From an editorial standpoint, do you find that it’s harder to get such longer, deeper stories out in mainstream press?
Yes, since I started, which was 30 years back, text has gotten 60% shorter in the publications that I’ve been contributing to.  All magazines are getting more graphic.  Newspapers are reflecting the pace of the Internet.  But with ‘Joy of Quiet,’ I was given 1800 -2000 words, which was noticeably longer and I gave something like 1980 to my editor, thinking that it will be cut.   But, it wasn’t.

With the rise of the Internet, many of these publications have limited print space but they can shift pieces onto their websites, which can be longer.  There’s a parallel system arising in many ways.  While movies are getting shorter, with less and less dialogue.  You’ll get a DVD a few months later that has 10 hours of added content.  So, the outlets are just changing.

Today, media is global.  I can go to the website of an Indian newspaper and get the latest update right now.  So, where does your writing style fit into this new paradigm?  Is there still a need for a writer who’s writing about a country that he doesn’t belong to and isn’t reporting on in a journalistic fashion but simply describing through his own lens?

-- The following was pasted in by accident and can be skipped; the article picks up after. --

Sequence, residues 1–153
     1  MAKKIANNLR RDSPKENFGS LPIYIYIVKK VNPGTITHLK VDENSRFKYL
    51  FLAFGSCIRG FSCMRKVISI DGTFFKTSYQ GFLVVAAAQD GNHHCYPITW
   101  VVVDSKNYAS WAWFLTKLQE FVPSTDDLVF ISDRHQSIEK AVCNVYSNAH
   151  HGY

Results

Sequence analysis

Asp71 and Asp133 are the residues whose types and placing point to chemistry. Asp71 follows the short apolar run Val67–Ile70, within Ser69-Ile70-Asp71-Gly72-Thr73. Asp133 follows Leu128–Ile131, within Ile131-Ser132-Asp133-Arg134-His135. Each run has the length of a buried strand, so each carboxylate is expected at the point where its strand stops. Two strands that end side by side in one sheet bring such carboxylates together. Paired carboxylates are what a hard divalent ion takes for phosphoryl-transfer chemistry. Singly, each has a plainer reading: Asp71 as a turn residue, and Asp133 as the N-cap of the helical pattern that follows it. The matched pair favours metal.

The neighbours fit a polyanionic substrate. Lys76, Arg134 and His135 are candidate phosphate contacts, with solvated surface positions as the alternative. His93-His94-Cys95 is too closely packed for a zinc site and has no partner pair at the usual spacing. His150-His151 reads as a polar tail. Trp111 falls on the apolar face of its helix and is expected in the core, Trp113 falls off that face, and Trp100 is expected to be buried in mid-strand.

Yes, you’re right, every writer today has to address that question now.   He didn’t have to do it 30 years ago.  Writing has to be more internal than it used to be. If I’m going to India, for example, I can offer the perspective of an outsider.  I’m not an Indian citizen and I’m not a journalist stationed there, covering it daily.

When I started in the 1980s as a journalist, I was gathering as much information as possible.  Now, I think it’s less about information and offering a bigger picture that isn’t in the statistics. So, I’m going to give a different view on India than the journalist or the citizen, and it’ll probably be broader, and more reflective.

But certainly, writing has changed and the writer has to think about how he can justify his existence given all these new sources.